Tuesday, October 16, 2012

Six Weeks in the Mountains: Part II, Glacier National Park (Many Glacier Area)

(To enlarge a photo, just click on it; click "back" to get back.  To watch a video again, click on the counterclockwise arrow in the lower-left corner.)

September 3:  Before we packed up to leave, the sunrise at Two Medicine forced us out of bed once again:

Many Glacier was an easy two-hour drive from Two Medicine.  The campground at Many Glacier was nicely shaded, but (unlike Two Medicine) the trees blocked the views of the surrounding mountains.  As soon as we had set up camp, we took a short hike to Apikuni Falls, scrambling over some rocks and boulders to get to the base -- Felice assumed her usual position of worship in front of the falls:

September 4:  We caught the 9 AM boat across Swiftcurrent Lake to the Grinnell Glacier trail. It was a fairly strenuous hike (8 miles and 1600 feet of elevation gain).  The morning started out cloudy and cool, but the clouds burned off as we climbed, revealing the deep blue-green Grinnell Lake far below us.  From different vantage points along the trail, the color of Grinnell Lake kept changing, depending on the lighting. It went from turquoise to aquamarine to emerald and back again, all day long; the extraordinary color is caused by the "glacial flour" suspended in the water, which absorbs all of the color in sunlight except for blue:

As we climbed up toward the glacier, we saw bighorn sheep grazing in a meadow below the trail:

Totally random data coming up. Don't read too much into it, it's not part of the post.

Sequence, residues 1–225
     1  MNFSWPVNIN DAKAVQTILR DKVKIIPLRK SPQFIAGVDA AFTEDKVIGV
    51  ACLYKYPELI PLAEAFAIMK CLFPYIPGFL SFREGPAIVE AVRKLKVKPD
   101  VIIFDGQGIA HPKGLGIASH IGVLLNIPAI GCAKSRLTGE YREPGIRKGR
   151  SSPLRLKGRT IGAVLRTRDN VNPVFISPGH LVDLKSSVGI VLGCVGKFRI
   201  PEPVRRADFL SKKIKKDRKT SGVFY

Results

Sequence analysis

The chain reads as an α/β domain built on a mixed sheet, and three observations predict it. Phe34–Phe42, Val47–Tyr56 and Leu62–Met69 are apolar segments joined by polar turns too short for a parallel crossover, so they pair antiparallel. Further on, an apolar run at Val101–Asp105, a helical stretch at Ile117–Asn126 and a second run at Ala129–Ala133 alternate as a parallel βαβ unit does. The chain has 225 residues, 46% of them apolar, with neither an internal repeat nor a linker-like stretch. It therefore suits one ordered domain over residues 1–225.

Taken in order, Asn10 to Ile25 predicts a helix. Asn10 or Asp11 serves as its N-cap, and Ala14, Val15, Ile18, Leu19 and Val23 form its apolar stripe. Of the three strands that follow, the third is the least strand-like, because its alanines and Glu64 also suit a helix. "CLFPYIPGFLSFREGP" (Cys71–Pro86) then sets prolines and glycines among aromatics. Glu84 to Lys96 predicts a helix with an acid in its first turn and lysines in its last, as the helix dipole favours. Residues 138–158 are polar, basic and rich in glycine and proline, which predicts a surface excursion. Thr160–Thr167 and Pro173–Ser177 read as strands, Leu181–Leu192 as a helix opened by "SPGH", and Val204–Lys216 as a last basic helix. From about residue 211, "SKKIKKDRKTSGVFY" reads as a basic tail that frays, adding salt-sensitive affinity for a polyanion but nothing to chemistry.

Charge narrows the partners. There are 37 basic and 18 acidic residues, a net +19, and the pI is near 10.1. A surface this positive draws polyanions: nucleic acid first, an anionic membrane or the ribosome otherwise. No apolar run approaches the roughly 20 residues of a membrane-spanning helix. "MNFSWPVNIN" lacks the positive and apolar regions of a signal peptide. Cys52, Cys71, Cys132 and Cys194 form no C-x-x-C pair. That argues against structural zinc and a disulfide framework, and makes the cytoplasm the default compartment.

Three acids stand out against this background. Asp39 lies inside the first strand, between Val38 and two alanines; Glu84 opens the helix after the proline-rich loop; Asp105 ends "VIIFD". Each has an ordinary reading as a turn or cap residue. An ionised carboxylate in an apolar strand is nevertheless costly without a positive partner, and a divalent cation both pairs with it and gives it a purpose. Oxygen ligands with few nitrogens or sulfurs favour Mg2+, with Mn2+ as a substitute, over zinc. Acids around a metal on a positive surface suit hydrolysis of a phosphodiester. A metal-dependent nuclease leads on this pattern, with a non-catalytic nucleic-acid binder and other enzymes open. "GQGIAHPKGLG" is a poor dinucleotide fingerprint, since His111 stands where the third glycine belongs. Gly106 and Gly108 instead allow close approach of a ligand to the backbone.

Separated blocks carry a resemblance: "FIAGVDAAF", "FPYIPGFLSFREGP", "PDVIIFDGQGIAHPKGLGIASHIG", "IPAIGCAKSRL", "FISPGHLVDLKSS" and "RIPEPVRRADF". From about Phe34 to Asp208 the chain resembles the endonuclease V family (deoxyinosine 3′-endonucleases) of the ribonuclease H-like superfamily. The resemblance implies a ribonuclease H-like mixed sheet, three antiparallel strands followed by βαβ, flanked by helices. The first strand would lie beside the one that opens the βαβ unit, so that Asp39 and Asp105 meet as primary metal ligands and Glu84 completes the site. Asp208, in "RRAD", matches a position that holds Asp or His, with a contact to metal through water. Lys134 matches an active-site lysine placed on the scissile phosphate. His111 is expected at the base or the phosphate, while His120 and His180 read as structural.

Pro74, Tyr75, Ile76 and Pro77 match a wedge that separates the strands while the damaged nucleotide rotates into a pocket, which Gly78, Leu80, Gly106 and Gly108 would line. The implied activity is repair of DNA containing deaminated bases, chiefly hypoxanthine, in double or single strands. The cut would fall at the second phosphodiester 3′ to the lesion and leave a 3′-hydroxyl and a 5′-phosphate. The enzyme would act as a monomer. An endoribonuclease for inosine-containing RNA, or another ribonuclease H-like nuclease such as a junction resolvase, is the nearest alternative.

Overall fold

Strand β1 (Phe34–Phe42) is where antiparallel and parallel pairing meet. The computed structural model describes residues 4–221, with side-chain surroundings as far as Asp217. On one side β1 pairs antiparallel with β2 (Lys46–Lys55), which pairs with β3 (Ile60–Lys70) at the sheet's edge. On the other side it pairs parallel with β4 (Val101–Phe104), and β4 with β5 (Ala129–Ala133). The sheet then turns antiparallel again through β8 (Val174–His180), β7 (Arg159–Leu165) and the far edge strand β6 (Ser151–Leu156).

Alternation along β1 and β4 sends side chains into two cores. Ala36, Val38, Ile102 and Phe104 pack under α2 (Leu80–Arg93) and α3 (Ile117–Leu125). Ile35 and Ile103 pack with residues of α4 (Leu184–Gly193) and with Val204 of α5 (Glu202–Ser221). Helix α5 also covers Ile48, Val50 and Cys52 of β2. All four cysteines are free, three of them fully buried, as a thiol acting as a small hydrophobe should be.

Nearer to the glacier, above treeline, two rams perched on a rocky ledge above us:

One of them turned his head toward us, casually posing for his picture:

A busy marmot scurried amongst the rocks:

The last ascent up to the glacier itself was pretty steep, but it was worth it; the glacier tumbled down a hillside into a milky blue melt pool with a scattering of small icebergs:

We walked out onto the rocks surrounding the outlet stream -- behind us is the toe of the glacier:

As the glacier retreated, it exposed the rocks that it had sliced.  The concentric rings in this picture are cross-sections of fossil stromatolites, mats of blue-green algae formed hundreds of millions of years ago in a shallow warm ocean and then entombed in sandstone.  The layers of rock were then uplifted when the Rockies were formed and were later carved by the glacier:

This shot shows the bedding planes of the sedimentary rock, which are gently tilted, forming a shallow border for the body of the glacier:

Throughout our travels through the Rockies, we were struck not only by the height of the mountains but by the yawning space of the valleys -- all of that air between the mountains had once been rock that was slowly pulverized by the glaciers and then washed down the rivers to form the whole Mississippi Delta.  We eventually realized that the Rockies are sort of like music -- just as music requires some silence between the notes, the craggy mountains are even grander because they are separated by deep chasms.  In this view toward the south, notice the huge U-shaped valleys left by the vanished glaciers, thousands of feet thick:

This view is to the east, toward Swiftcurrent Lake and Lake Sherburne.  In the far distance, on the left side, note the curving lateral moraine, a huge tapering gravel and rock ridge deposited by the side of the glacier after the last Ice Age:

September 5:  This was our day to drive the entire length of the Going to the Sun Road, from St. Mary to Lake McDonald and back again.  The morning was gloriously clear:

On the way back from Lake McDonald, we stopped at at Logan Pass and hiked the Highline Trail for a few miles out toward Granite Park Chalet.  Although the trail was cut into the side of a cliff, there were cables strung along the rock face; we held onto them as we traversed the ledge: